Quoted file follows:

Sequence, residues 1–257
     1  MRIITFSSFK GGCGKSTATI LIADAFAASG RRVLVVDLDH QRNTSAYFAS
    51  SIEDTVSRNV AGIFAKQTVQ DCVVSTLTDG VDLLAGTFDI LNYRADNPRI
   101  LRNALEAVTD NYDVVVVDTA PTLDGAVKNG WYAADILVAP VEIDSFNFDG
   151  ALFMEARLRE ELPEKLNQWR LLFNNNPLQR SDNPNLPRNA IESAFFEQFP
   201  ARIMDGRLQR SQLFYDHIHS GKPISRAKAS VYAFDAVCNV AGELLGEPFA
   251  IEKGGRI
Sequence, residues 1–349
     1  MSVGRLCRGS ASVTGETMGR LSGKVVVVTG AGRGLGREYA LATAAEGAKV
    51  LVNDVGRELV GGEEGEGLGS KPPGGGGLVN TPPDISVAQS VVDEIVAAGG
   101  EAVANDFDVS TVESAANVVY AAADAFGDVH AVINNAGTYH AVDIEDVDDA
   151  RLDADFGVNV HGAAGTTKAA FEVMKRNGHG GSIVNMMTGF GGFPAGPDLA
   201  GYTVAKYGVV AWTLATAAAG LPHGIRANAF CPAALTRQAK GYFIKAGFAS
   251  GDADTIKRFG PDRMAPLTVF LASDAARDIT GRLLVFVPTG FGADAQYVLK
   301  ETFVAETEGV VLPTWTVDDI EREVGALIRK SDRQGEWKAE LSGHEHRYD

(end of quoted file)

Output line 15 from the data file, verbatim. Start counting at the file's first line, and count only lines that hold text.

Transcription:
   301  ETFVAETEGV VLPTWTVDDI EREVGALIRK SDRQGEWKAE LSGHEHRYD